Teachers Report Spike in Trump-Related Harassment at Schools
Ninety percent of the 10,000 teachers, administrators, and counsellors who responded to the survey reported that the election has had a "negative impact" on students.
An overwhelming number of educators from schools across the country have reported a spike in anxiety and harassment among students in the days following the election, according to a new survey from the Southern Poverty Law Center (SPLC).
In an effort to chart the so-called Trump Effect in schools, the SPLC conducted an online survey and received responses from 10,000 teachers, counsellors, and administrators across the country. Ninety percent of respondents said they've seen a "negative impact" on students' mood and behaviour since the election, and 80 percent reported increased anxiety among minority students.
The SPLC also received 2,500 reports of specific incidents of bigotry and harassment on campus that were directly related to the election. The incidents, while not all independently verified, include everything from verbal threats to vandalism involving racial slurs and swastikas.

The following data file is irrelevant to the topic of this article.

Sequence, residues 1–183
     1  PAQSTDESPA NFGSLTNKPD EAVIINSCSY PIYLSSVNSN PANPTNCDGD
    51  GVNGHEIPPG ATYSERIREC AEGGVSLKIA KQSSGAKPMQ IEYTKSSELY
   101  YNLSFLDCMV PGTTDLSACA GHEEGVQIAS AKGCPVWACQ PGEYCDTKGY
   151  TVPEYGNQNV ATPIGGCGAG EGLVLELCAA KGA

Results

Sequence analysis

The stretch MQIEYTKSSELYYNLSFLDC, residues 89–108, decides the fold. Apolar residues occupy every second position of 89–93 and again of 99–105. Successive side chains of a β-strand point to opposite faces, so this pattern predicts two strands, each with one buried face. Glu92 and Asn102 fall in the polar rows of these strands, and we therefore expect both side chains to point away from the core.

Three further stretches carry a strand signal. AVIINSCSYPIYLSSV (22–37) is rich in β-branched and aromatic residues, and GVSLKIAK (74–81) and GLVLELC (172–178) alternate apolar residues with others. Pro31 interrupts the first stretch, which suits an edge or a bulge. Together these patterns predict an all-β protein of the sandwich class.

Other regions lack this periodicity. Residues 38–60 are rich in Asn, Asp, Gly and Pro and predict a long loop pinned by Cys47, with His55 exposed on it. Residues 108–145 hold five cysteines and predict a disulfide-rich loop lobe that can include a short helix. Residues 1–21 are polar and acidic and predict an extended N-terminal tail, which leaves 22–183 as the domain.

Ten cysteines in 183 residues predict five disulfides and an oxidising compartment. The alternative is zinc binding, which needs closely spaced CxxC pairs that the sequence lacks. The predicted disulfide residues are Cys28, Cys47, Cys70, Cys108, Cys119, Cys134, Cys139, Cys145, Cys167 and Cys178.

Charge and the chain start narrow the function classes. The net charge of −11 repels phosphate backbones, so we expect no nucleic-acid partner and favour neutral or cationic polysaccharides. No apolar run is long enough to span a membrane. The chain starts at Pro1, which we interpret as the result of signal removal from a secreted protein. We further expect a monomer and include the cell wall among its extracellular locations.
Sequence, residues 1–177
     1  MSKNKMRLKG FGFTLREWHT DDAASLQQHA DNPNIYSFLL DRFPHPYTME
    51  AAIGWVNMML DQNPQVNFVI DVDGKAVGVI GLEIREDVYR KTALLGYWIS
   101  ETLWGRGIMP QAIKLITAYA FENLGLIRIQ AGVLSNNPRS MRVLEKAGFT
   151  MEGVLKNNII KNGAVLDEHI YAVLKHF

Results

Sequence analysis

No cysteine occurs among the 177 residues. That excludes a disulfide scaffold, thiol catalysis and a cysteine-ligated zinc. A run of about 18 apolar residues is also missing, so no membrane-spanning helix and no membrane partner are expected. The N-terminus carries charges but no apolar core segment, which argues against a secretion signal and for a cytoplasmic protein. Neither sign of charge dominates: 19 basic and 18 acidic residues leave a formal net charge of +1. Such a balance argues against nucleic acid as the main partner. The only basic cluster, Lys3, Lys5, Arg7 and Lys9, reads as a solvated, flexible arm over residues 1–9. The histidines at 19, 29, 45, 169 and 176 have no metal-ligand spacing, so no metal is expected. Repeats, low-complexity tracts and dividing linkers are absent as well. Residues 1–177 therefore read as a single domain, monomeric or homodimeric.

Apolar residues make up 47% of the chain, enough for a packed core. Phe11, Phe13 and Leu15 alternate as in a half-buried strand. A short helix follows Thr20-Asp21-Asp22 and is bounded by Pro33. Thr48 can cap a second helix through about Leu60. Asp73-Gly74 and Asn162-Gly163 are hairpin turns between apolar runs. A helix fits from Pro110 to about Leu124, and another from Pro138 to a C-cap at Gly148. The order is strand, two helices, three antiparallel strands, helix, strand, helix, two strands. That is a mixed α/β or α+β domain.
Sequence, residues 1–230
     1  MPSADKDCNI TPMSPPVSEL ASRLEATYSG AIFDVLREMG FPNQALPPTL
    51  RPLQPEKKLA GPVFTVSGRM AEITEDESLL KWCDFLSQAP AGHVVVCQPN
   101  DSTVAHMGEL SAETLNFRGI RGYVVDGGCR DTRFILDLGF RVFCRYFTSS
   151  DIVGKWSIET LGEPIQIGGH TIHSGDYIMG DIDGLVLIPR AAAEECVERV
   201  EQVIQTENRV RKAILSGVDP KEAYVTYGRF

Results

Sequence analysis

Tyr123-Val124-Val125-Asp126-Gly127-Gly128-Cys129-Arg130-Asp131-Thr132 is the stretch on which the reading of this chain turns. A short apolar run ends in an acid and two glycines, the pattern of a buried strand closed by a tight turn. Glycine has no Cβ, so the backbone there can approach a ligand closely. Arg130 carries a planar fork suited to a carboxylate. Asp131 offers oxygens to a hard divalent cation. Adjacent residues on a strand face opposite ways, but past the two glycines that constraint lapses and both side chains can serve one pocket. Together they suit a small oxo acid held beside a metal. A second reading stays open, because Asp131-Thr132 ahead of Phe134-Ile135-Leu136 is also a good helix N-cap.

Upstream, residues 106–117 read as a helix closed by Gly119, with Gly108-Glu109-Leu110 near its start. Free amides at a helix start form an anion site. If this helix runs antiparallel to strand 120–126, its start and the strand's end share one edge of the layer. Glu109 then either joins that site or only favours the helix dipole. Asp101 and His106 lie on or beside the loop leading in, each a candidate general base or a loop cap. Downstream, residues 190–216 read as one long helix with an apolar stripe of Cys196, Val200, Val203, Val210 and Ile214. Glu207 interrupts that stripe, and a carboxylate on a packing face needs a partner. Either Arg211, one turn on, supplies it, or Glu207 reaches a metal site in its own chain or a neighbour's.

"The p-word has been used very casually, citing Trump as the excuse," a high school teacher from Michigan reported. Another from Tennessee wrote, "'Kill the n*****s' etched in school bathroom. Paper with n-word left in my classroom. Neither incident was investigated."
"It is worth noting that many teachers took pains to point out that the incidents they were reporting represent a distinct uptick; these dynamics are new and can be traced directly to the results of the election," the report said.
The survey follows another report from the civil rights organisation that's collected 867 separate incidents of harassment and intimidation since the election, the majority of which were motivated by anti-immigrant or anti-black sentiments.
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